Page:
Braking exercise serves to inform the driver how hard their car can decelerate.
Street driving does not ordinarily call for hard braking; as such, most novice drivers apply 30-60% of peak brake torque available in their car. Especially in ABS equipped cars, drivers on a road course should be using between 90-95% of peak brake torque. Braking exercise gives the driver the experience of braking harder than they are used to in controlled conditions.
Braking exercise is normally done on one of the longer straights on the circuit. Pick an easy to see reference point well ahead of the normal braking point for the corner following the straight. Start/finish line is often a good candidate, but anything visually distinctive would work. A good rule of thumb is to start braking approximately 1.5 times to twice as far away from the corner as normal - for example, if the normal braking point is 300 feet out then braking exercise may be done starting at 450-600 feet out.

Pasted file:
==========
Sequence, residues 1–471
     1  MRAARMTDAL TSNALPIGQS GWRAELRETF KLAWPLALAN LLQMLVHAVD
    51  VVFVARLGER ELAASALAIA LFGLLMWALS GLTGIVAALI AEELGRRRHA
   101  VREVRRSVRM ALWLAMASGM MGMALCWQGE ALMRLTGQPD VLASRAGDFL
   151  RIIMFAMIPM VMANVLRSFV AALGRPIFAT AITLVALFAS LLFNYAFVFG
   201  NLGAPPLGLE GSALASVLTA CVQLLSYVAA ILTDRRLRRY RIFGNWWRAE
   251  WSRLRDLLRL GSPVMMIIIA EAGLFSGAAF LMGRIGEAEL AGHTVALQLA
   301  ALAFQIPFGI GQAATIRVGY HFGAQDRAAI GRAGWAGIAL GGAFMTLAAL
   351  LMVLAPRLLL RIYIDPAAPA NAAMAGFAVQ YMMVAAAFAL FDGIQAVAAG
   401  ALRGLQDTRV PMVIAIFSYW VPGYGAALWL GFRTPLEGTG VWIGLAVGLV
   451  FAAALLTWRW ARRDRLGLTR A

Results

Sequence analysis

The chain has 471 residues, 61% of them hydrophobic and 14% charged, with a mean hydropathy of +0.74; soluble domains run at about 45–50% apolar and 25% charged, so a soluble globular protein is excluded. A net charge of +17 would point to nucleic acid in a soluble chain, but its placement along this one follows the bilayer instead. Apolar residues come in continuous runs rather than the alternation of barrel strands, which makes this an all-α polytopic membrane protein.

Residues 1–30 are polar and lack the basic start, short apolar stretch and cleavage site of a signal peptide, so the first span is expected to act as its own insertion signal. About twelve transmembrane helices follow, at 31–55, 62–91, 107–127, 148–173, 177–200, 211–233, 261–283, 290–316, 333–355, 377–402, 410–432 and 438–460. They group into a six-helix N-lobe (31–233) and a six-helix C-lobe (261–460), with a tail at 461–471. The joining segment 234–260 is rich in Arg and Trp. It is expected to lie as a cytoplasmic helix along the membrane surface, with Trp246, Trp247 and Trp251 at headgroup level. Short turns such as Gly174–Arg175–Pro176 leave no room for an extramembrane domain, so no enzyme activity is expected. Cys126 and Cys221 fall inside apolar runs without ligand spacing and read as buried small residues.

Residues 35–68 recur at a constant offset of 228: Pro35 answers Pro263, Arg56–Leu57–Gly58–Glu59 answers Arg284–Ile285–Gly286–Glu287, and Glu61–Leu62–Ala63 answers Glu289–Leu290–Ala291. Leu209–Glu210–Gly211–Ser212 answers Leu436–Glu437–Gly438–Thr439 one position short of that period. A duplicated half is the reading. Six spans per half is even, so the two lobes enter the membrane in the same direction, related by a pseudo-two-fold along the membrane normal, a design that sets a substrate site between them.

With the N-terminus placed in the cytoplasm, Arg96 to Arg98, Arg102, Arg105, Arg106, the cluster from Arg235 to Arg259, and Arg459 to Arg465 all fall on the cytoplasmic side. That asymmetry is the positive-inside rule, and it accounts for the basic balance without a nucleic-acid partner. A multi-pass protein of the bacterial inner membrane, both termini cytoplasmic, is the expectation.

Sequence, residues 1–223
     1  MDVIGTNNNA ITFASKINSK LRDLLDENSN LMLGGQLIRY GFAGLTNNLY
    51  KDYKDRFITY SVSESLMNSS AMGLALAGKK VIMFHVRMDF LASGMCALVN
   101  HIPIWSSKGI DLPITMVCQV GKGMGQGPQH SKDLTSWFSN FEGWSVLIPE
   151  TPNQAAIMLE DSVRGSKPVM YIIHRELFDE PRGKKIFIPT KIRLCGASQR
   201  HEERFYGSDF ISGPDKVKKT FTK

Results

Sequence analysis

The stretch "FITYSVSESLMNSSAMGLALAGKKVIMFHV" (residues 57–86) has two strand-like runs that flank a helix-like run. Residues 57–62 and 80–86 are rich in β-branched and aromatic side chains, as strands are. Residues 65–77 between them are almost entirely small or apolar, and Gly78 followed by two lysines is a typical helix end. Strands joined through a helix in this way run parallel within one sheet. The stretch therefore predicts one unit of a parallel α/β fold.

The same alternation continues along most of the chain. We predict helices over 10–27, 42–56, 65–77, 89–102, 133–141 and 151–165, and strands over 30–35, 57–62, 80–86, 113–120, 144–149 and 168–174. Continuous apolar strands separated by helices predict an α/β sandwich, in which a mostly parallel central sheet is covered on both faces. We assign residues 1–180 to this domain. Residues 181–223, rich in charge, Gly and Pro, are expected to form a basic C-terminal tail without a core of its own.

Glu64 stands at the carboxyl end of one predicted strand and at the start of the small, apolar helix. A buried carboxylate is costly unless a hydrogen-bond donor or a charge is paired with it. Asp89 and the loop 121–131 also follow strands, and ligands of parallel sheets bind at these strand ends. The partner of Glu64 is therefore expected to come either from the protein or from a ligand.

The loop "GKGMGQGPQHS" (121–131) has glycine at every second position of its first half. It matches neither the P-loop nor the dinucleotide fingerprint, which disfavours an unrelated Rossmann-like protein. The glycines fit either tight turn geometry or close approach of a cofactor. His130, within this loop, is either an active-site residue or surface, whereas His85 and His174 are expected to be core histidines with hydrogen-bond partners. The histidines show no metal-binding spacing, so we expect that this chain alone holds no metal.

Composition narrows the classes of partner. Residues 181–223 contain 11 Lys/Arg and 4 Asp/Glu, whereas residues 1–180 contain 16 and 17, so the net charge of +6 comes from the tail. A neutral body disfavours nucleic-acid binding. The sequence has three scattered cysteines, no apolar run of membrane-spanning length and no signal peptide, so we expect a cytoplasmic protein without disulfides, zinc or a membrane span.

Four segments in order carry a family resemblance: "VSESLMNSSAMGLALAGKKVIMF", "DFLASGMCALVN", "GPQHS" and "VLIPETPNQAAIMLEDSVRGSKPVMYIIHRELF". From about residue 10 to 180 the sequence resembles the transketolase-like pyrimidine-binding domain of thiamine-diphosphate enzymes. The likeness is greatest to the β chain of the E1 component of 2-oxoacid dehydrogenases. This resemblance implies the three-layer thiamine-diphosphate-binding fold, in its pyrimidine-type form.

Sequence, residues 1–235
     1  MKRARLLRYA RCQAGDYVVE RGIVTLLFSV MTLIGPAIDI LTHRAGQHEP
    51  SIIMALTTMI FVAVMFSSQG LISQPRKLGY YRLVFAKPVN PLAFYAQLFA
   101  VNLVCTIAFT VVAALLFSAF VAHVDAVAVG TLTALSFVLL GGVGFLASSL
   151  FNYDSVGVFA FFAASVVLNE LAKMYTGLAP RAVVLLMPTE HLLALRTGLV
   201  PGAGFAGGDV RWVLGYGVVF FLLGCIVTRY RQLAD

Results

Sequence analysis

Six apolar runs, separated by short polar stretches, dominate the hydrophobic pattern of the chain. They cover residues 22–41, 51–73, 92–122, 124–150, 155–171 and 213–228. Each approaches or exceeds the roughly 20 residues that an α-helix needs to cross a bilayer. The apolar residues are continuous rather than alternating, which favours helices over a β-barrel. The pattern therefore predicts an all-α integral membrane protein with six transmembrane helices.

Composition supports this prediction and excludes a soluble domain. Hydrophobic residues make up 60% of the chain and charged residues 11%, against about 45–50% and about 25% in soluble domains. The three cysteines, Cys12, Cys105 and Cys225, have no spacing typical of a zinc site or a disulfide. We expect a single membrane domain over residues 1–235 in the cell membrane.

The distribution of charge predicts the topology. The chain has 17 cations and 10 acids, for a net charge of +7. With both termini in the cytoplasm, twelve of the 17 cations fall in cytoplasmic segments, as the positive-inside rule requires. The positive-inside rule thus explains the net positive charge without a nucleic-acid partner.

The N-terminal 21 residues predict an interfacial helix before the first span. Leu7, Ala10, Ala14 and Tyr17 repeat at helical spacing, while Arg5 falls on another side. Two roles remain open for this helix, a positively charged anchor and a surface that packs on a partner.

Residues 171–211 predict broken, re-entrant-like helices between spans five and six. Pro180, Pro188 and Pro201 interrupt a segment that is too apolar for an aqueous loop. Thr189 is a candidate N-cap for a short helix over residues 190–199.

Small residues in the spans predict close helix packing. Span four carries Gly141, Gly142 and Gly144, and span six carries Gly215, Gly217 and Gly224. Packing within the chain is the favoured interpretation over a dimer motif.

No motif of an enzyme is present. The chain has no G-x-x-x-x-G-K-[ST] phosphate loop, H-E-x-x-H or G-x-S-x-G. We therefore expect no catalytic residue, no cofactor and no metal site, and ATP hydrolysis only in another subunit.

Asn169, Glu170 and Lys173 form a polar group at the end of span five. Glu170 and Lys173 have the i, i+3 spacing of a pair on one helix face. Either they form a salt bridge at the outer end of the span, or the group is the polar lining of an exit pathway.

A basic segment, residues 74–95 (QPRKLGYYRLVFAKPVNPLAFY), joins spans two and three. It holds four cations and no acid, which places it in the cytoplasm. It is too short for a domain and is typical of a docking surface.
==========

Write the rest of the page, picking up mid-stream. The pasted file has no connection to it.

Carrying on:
The exercise should be performed on clear track, with no cars nearby ahead or behind, and with the steering wheel completely straight.
When you get to the braking point, in an ABS car press the brake pedal as hard as you can, all the way into the floor. You should feel the ABS engage which will manifest as the brake pedal pulsating. Stay on the brakes until you are traveling way slower than your normal turn in speed, then get off the brakes and proceed normally.
In a non-ABS car you do not want to just floor the brake pedal, as this will flat spot the front tires. Instead apply more braking effort than you ordinarily do. It may take several iterations of the braking exercise to get to "full" braking capacity; that's perfectly fine.
Once you do the braking exercise you should have a better idea of the maximum brake capability of your car. Most drivers then automatically start braking harder in corners where hard braking is called for.